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The Fitness Factory Cardiff

Unit 5 Anchor Industrial Estate,

Dumballs Road, Cardiff, CF10 5FF

T: 02920 372772

E: mike@fitnessfactorycardiff.com 

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Is Your Client Fit To Squat Or Deadlift?

August 7, 2017

 

Squats and Deadlifts are sometimes lumped together, but they emphasise different movement patterns, recruit different muscles and require different actions and body positioning. Clients should be comprehensively screened to determine whether they are anatomically suited to perform each exercise.

 

 

In order for the core to have its greatest potential stability (essential during squats and deadlifts) and to allow each client to be able to execute an exercise with optimal technique, their program must ensure that each joint segment has the appropriate mobility and stability for the specific movement pattern. 

 

Every movement and every joint requires both mobility and stability. Mobility is the ability to move unrestricted though the intended range of motion (ROM) and stability is the ability to control the movement. You can’t have one without the other.

 

Two simple 'screening methods are highlighted below, to enable you to determine whether the Squat and Deadlift are appropriate exercises for your client.

 

Wall Squat

 

Have your client take a squat setup in front of a wall and allow them to squat with a movement that they are used to for 6 reps. Observe when his/her lower back begins to tuck under (a.k.a., "butt wink”), this shows up mobility issues at the hip, or do they fall forward toward the wall, which will show core stability issue. 

 

If the tuck begins too early, this will probably be a hip mobility issue. Widen the squat stance, place weights under their feet (which creates artificial dorsiflexion for those with limited ankle mobility) and have them work on hip mobility drills during their warm up to help them with the squat pattern. Also, have the client stretch and opening up the hips. If the lower back still tucks under early, this could be the client's natural anatomical depth. Some bodies are just not fit for squatting.

 

If your client falls forward  and can’t hold an upright body position, this most likely will be a stability issue. You can add circumfrancial breathing techniques to increase intra-abdominal pressure to aid stability. also, place a 5-10kg dumbbell at chest hight and have your client squat. This automatically activates the core, allowing the Squat to go deeper.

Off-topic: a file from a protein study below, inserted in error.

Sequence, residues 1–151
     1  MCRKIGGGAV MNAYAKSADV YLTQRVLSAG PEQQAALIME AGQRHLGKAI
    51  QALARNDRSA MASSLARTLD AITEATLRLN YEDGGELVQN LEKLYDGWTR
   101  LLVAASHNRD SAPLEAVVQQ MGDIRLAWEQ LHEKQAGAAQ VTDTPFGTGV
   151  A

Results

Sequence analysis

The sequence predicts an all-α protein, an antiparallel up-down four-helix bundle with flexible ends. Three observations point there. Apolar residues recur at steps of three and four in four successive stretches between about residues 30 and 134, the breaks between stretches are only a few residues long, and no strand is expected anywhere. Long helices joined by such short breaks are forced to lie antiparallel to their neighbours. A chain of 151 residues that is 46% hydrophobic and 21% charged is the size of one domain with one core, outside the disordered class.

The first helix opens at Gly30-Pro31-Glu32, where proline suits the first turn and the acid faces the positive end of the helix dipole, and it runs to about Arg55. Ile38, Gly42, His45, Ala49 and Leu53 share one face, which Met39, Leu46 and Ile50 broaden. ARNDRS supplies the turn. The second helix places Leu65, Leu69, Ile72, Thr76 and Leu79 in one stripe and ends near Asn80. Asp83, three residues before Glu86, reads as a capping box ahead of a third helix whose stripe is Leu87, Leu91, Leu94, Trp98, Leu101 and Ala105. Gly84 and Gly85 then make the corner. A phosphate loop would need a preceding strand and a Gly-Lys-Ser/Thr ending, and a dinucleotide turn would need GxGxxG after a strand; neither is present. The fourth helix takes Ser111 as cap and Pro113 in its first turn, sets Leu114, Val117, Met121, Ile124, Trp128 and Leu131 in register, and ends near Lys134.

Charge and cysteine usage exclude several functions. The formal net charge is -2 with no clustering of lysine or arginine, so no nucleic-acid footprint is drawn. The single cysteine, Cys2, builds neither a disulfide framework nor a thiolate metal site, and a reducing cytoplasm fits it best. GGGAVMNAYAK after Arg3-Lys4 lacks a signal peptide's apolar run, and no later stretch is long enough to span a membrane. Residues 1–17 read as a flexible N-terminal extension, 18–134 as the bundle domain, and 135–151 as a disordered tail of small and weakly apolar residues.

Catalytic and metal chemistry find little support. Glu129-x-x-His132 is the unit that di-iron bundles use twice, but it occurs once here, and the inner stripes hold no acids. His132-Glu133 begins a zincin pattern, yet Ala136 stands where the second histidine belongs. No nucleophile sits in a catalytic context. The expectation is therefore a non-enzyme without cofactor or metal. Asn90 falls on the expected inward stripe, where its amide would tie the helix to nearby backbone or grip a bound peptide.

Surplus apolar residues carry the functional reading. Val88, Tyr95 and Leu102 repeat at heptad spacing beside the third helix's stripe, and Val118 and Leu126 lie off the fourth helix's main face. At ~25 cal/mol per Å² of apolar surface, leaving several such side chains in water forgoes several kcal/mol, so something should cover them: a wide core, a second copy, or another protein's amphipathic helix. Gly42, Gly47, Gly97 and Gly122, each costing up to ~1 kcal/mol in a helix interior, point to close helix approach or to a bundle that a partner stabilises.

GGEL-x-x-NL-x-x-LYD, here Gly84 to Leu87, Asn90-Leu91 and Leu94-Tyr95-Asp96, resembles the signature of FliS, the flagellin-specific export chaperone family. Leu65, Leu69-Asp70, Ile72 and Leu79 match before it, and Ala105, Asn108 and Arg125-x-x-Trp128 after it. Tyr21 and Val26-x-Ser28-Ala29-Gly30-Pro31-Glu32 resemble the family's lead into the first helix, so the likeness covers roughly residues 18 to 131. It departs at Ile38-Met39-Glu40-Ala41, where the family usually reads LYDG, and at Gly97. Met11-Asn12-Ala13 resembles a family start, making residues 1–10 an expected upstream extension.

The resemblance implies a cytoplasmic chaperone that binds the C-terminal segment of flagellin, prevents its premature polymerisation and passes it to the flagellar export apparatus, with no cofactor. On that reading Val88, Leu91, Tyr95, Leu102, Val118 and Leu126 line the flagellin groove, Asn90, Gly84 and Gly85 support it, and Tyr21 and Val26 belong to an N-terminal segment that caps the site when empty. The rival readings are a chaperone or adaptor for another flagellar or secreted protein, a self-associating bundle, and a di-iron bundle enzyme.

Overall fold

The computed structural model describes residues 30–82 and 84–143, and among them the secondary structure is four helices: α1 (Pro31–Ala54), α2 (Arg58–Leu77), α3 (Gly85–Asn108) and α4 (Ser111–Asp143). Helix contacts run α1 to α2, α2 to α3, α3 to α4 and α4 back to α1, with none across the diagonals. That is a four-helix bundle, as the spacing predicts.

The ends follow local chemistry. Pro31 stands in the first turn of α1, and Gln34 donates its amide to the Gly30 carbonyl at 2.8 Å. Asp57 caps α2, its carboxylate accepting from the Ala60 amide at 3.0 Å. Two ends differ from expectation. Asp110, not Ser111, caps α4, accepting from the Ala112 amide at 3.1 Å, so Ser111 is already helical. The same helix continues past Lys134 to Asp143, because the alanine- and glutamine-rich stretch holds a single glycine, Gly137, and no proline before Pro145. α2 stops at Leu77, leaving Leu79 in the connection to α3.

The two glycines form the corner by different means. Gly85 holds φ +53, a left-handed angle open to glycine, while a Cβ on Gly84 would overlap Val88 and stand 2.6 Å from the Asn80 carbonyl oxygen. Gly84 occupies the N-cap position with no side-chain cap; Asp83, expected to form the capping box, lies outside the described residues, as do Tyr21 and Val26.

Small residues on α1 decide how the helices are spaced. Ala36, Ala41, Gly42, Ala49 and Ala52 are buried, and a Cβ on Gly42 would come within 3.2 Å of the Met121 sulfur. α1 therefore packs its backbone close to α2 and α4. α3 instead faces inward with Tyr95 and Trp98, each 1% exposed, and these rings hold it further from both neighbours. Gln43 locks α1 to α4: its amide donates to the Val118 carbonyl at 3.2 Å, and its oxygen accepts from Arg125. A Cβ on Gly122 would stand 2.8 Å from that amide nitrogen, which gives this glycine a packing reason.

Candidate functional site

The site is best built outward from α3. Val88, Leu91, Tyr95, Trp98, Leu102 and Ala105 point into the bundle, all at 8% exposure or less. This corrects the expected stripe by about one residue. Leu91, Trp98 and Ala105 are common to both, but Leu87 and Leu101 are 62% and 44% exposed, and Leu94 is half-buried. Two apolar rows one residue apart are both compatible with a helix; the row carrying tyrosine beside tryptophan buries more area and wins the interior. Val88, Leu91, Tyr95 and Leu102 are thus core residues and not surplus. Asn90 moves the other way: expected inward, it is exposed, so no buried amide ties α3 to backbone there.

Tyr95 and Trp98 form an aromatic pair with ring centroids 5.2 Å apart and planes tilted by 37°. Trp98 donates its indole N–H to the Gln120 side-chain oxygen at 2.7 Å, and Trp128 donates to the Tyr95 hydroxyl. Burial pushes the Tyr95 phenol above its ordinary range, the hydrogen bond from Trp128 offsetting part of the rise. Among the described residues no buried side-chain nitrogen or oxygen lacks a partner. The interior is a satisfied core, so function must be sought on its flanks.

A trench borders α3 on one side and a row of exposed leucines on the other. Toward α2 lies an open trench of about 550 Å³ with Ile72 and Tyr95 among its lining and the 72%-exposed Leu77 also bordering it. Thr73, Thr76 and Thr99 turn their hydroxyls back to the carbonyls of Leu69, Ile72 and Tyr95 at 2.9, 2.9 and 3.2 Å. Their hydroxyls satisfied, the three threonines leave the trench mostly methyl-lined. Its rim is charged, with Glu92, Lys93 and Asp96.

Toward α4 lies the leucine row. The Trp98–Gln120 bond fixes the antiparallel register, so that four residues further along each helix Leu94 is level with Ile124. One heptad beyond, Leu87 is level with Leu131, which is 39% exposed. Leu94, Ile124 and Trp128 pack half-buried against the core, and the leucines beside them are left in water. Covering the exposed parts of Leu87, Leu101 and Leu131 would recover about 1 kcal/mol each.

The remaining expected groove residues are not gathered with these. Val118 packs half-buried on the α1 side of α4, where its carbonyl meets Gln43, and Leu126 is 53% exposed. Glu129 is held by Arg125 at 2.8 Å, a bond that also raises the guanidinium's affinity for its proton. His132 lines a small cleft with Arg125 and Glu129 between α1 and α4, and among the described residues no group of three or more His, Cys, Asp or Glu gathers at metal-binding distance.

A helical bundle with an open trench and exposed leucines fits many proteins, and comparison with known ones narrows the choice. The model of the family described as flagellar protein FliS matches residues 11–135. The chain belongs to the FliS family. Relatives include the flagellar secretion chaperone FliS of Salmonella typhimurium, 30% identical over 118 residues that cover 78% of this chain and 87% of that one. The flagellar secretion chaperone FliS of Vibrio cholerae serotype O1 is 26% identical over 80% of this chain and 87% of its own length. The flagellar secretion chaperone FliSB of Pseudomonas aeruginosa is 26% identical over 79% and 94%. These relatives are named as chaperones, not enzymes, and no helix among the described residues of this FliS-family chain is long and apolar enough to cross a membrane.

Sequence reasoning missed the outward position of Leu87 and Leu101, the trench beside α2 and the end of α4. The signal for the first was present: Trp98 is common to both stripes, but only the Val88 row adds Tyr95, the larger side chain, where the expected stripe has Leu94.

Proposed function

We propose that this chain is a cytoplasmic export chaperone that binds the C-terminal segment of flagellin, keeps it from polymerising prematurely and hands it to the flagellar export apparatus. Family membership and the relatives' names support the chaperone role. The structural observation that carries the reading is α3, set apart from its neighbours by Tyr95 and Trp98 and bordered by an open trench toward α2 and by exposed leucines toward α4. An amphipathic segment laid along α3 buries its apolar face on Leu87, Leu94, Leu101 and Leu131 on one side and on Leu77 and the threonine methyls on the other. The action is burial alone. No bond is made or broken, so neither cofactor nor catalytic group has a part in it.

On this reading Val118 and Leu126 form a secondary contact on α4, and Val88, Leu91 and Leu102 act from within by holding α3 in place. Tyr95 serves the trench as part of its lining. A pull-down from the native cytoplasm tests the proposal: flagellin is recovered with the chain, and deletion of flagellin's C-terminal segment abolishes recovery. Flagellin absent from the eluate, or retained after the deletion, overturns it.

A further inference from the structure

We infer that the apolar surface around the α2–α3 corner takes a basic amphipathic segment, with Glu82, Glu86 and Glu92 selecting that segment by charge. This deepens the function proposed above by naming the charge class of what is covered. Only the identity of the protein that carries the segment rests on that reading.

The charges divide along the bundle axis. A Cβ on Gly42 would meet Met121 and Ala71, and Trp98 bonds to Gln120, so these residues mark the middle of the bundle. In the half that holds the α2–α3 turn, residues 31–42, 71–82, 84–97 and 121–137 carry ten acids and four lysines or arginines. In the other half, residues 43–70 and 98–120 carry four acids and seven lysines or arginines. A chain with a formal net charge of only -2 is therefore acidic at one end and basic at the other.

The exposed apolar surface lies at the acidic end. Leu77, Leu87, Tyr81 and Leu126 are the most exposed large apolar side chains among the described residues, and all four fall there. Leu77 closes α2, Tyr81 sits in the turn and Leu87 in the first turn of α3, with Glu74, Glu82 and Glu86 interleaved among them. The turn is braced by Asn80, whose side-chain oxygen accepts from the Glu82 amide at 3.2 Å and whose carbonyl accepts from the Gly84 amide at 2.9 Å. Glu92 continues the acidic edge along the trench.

Deadlift Test

 

A simple screen to determine whether your clients are prepared to deadlift is a simple hip-hinge movement by a wall. Have the client stand upright with his/her knees slightly unlocked, then bend at the waist as if they’re trying to push their backside back towards the wall.

 

 

Start by teaching them basic motor control with proper hinging technique, core strengthening movements, flexibility and mobility drills. Use Deadlift variations such as the Sumo Deadlift with a kettlebell raised on blocks until the client can perform the movement safely. Once that goal is reached, they can progress to the conventional Deadlift pattern with greater loads.

 

Visualising the Difference

 

 

According to Easy Strength, by Dan John and Pavel Tsatsouline, the squat pattern is a "deep movement of the knees and hips," whereas the Deadlift is a "deep hip movement with minimal knee bend." In layman's terms, Squats are quad dominant and Deadlifts are glute dominant. The main muscles engaged during a Squat are the quads and glutes. During the Deadlift, it's the glutes and hamstrings. The angle at the hip is different. The Squat pattern is more upright, and in the Deadlift, the torso is bent.

 

 

Other Things to Consider

 

If a client feels pain during the Squat or Deadlift, either the exercise may not be right for their body, or they're not doing the lift properly. A lot of people deadlift incorrectly by squatting instead of hinging, or performing Good Morning Squats rather than traditional Squats. A Good Morning Squat is when the the hips rise faster than the knees and you end up doing a Good Morning exercise.

 

Also, during a Squat the knees should be closer to the toes, with the shins at a 30- to 45-degree angle. During the Deadlift, the shins should be closer to vertical. Athletes can learn to sit back into the Deadlift by pulling themselves into the bar. This puts more emphasis on the posterior chain, while teaching the proper engagement of the lats and lift through the glutes.

 

Squat, Deadlift and Bench Press Seminar Series

 

If you would like to learn how to Squat, Deadlift and Bench Press, we are holding the "Big 3" workshops out of the Fitness Factory Training Academy with in the Fitness Factory Cardiff. 

 

The Big 3 Series:


Squat: Sept 2nd 2017
Deadlift: October 7th 2017
Bench Press: December 10th 2017

 

 

If you would like a spot on the next seminar, please click the link to book your place.

 

"THE BIG 3 SERIES"

 

Please share this email with anyone who you feel would benefit from the information.

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